[131] Pat Leahy, Society relies on a social compact. Time for tax-avoiding multinationals to sign up, Irish Times, November 11, 2017.

[132] Pat Leahy, Society relies on a social compact. Time for tax-avoiding multinationals to sign up, Irish Times, November 11, 2017.

[133] Owen Jones, Apple must now pay its taxes. This is a vindication of protest, Guardian, August 30, 2016 (“Companies that depend on state largesse – from infrastructure to an education system that trains their employees, to in-work benefits – refuse to contribute in return”); Joseph Stiglitz, Globalisation isn’t just about profits. It’s about taxes too, Guardian, May 27, 2013; Farhad Manjoo, Obama Was Right: The Government Invented the Internet, Slate, July 24, 2012 (“The Internet didn’t get invented on its own,” Obama said. “Government research created the Internet so that all the companies could make money off the Internet.”); David Pring-Mill, Are Tech Companies Avoiding Taxes?, National Interest.org, February 8, 2018 (“The fact that much of the underlying technological innovation that enables the digital economy originates from massive state-led investment going back to the 1970s and beyond, not least the world wide web itself, seems to be immaterial to these free-riding company executives.”); Ben Tarnoff, How the internet was invented, Guardian, July 15, 2016 (“The people who invented the internet came from all over the world. They worked at places as varied as the French government-sponsored computer network Cyclades, England’s National Physical Laboratory, the University of Hawaii and Xerox. But the mothership was the US defense department’s lavishly funded research arm, the Advanced Research Projects Agency (Arpa) – which later changed its name to the Defense Advanced Research Projects Agency (Darpa) –and its many contractors. Without Arpa, the internet wouldn’t exist.”); Michael Moyer, Yes, Government Researchers Really Did Invent the Internet, Scientific American.com, July 23, 2012; Katie Haner and Matthew Lyon, Where Wizards Stay Up Late: The Origins of the Internet, Simon & Schuster, 1996; Barry M. Leiner, Vinton G. Cerf, David D. Clark, Robert E. Kahn, Leonard Kleinrock, Daniel C. Lynch, Jon Postel, Larry G. Roberts, Stephen Wolff, Brief History of the Internet, Internet Society.org, 1997.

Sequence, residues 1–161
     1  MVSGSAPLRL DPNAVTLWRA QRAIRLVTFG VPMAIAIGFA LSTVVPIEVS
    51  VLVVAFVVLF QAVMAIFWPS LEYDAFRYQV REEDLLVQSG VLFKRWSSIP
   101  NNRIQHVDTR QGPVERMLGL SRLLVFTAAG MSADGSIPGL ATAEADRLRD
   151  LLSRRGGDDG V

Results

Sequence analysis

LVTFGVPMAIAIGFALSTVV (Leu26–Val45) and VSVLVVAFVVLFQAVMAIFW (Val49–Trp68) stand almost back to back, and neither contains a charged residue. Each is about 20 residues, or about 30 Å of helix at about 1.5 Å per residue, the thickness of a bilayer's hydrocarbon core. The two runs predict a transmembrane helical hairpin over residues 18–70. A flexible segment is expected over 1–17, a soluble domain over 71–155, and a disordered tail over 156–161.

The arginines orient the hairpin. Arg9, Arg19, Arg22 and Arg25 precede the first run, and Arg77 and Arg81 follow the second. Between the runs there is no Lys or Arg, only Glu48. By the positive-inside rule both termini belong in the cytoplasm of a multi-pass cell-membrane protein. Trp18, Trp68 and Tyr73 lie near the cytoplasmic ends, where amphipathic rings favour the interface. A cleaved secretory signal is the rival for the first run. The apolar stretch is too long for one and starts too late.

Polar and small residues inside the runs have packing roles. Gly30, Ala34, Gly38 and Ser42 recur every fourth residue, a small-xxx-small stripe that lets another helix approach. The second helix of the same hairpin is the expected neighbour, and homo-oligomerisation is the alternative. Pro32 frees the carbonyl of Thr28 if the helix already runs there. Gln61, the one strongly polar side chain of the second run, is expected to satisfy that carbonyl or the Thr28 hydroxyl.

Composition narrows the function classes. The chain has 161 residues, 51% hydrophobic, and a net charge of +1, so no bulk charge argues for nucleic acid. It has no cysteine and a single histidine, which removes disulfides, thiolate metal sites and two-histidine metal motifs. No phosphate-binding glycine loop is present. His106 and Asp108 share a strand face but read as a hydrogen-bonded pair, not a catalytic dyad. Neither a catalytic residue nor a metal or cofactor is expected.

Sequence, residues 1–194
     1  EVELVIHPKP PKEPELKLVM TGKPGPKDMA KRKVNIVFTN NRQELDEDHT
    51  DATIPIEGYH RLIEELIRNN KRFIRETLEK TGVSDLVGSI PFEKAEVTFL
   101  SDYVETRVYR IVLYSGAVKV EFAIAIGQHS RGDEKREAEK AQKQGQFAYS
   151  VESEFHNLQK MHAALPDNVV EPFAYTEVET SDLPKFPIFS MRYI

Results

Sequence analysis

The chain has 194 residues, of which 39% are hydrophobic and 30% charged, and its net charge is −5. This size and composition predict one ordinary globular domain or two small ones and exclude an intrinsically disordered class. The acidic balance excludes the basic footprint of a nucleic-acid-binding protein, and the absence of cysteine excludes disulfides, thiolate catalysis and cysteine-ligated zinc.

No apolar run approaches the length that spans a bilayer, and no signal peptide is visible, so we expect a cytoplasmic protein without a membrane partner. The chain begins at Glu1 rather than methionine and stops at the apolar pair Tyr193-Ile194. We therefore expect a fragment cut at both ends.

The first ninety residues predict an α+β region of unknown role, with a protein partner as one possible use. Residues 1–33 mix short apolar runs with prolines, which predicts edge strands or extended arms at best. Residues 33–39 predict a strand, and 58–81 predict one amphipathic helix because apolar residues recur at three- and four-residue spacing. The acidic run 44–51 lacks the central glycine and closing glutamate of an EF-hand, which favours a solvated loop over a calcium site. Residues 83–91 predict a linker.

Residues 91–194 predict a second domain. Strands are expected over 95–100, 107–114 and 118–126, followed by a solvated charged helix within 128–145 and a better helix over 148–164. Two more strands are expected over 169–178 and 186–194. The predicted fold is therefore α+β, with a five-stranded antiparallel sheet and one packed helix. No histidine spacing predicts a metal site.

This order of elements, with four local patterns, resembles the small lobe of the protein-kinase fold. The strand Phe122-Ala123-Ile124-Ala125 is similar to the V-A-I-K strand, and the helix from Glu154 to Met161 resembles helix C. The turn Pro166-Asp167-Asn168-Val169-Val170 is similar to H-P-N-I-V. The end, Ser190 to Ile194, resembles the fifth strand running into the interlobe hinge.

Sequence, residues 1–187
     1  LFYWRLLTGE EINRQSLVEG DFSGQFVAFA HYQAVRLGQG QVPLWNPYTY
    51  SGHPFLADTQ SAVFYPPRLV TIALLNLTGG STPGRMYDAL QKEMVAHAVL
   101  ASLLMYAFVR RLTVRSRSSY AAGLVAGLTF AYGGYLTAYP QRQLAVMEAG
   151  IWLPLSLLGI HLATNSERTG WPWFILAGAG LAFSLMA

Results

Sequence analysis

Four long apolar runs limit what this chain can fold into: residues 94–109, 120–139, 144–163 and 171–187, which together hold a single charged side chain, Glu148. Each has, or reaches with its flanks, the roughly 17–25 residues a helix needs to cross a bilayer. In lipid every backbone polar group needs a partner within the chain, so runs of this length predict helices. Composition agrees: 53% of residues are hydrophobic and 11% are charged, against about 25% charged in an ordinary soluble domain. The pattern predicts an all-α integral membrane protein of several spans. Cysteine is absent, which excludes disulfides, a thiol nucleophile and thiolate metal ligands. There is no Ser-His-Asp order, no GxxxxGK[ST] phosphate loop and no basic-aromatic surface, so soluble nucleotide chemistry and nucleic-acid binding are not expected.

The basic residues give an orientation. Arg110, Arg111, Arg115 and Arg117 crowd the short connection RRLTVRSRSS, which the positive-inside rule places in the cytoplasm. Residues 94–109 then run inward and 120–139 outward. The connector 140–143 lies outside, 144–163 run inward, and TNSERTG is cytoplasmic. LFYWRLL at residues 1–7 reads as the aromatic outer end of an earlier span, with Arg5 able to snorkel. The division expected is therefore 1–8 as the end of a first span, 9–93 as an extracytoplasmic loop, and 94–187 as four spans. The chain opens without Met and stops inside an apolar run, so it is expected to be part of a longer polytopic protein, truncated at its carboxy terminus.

[134] Thomas Walkom, Why, after years of ignoring tax havens, are governments paying attention?, Toronto Star, November 8, 2017.

[135] Owen Jones, Apple must now pay its taxes. This is a vindication of protest, Guardian, August 30, 2016; Jia Lynn Yang, The British want to stop Starbucks from dodging taxes. It won’t work, Washington Post, April 18, 2014; Roberta Lexier and Avi Lewis, Corporate welfare bums: It’s payback time, The Conversation, December 5, 2018; Roberta Lexier and Avi Lewis, It’s Time ‘Corporate welfare bums’ Paid Canadians Back, Huffington Post, December 11, 2018.